Wal-Mart is hiring top political consultants with track records from the Reagan and Clinton campaigns to coordinate a multimillion effort to discredit a new film about the company. Wal-Mart is entitled to be as anti-union as they like, of course, and entitled to work hard to get the word out about their point of view, but it’s surprising (at least to me) to see who is willing to help them combat those that would critize them.
Strange bedfellows, it seems.
Politicians (and especially political consultants) are a special breed. One day they crow about how something is essential ("give em an up or down vote!") and the very next day they take the other side.
But are they really a special breed?
Have you ever worked on a product or service you didn’t believe in? Marketed something with side effects (okay, there are no side effects, just effects) that you weren’t proud of? (To be fair, there are Kerry and Dean alum working just as hard on the other side…)
For a really long time, the discourse in the public space was assumed to be genuine. We assumed that if someone took a position, they actually believed it. (Of course, that was never true, but we liked to believe that it was). Today, as money further corrupts just about all of the systems we used to assume were pristine, it’s getting harder to make that assumption with any validity.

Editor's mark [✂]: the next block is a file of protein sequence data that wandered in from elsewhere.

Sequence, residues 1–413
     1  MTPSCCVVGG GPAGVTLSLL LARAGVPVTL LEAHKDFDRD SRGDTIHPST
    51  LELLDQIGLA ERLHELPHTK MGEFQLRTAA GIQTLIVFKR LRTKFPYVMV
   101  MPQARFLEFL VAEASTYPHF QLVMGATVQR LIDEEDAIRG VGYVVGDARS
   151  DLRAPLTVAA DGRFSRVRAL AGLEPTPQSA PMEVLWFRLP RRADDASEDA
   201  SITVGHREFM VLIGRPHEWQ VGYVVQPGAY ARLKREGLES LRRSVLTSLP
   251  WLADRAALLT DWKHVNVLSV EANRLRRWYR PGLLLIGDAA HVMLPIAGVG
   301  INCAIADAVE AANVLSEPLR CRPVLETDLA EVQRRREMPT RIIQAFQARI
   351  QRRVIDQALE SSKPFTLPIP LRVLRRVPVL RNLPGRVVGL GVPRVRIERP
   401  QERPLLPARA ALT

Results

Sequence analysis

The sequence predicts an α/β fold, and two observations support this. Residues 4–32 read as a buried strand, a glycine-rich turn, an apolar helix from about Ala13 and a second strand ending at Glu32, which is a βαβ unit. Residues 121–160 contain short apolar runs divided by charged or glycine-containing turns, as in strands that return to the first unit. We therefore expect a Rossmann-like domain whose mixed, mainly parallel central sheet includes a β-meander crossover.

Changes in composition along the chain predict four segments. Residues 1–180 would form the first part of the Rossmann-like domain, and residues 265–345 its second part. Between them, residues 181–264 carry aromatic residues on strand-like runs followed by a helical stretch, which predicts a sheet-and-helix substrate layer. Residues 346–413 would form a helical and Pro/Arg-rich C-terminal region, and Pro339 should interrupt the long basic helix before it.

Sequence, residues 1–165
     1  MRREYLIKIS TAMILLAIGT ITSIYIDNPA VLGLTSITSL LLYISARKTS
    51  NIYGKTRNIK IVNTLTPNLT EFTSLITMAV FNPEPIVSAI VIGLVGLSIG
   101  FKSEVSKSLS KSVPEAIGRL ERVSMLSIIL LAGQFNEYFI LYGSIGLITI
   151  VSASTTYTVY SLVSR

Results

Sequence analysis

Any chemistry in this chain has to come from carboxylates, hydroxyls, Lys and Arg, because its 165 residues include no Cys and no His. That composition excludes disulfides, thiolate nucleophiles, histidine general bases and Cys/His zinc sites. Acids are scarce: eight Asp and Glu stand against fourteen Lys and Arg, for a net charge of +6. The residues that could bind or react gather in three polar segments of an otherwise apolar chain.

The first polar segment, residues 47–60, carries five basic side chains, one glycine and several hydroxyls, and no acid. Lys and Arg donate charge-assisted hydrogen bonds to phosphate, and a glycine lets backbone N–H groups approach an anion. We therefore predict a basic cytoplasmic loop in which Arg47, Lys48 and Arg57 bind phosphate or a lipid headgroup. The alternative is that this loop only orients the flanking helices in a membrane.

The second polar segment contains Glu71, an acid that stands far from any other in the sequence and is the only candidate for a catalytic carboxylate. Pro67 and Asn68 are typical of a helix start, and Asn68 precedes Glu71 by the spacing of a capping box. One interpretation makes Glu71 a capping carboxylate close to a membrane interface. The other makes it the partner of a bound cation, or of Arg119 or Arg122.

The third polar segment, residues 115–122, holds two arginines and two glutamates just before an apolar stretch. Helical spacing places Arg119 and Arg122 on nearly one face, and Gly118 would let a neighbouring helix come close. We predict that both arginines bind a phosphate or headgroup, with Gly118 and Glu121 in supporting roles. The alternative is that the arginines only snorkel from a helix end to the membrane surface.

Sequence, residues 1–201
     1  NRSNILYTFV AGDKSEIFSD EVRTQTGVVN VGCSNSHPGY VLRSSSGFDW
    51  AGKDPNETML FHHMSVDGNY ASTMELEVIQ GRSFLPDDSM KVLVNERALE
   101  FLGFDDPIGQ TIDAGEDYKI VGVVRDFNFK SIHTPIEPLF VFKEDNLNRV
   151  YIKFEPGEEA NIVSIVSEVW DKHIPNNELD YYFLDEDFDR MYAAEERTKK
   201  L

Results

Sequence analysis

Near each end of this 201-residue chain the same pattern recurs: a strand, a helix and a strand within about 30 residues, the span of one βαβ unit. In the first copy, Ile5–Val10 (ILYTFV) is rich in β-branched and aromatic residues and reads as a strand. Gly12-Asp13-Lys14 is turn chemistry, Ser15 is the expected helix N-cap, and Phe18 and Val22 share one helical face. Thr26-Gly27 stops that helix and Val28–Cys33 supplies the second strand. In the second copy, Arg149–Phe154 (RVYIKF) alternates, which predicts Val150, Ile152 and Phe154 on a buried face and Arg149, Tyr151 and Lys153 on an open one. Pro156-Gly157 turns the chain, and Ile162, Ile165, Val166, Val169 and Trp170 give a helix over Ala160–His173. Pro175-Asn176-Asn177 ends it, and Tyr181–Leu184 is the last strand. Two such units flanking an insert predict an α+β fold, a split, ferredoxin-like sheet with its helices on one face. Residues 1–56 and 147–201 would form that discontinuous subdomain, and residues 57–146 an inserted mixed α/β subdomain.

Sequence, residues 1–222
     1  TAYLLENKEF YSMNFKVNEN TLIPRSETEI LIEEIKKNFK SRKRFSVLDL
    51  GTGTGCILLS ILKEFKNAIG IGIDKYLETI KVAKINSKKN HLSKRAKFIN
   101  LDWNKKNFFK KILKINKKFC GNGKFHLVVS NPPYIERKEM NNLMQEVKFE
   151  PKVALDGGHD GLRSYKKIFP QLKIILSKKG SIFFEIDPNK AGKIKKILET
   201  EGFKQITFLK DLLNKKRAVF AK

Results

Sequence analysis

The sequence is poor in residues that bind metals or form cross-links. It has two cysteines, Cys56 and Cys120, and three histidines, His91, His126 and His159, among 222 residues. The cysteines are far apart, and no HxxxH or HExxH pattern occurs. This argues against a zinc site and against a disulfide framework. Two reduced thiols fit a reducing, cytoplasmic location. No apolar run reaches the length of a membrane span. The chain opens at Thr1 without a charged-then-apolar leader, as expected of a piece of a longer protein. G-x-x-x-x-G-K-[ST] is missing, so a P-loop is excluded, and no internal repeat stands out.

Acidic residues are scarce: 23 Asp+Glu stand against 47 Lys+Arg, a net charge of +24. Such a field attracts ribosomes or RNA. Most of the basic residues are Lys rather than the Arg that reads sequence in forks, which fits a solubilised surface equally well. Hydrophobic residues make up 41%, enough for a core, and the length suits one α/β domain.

Where do you draw the line? How much money does it take to change your mind? What happens when we expose the data and label opinions or efforts as purchased?
The ideas that are being spread most often today aren’t ideas at all. They’re opinions. And we learned a long time ago that everyone is entitled to his opinion. But what if it’s not his opinion? What if the opinion belongs to someone else?
Welcome to the age of appropriate cynicism.
"I’m not a doctor, but I play one on TV".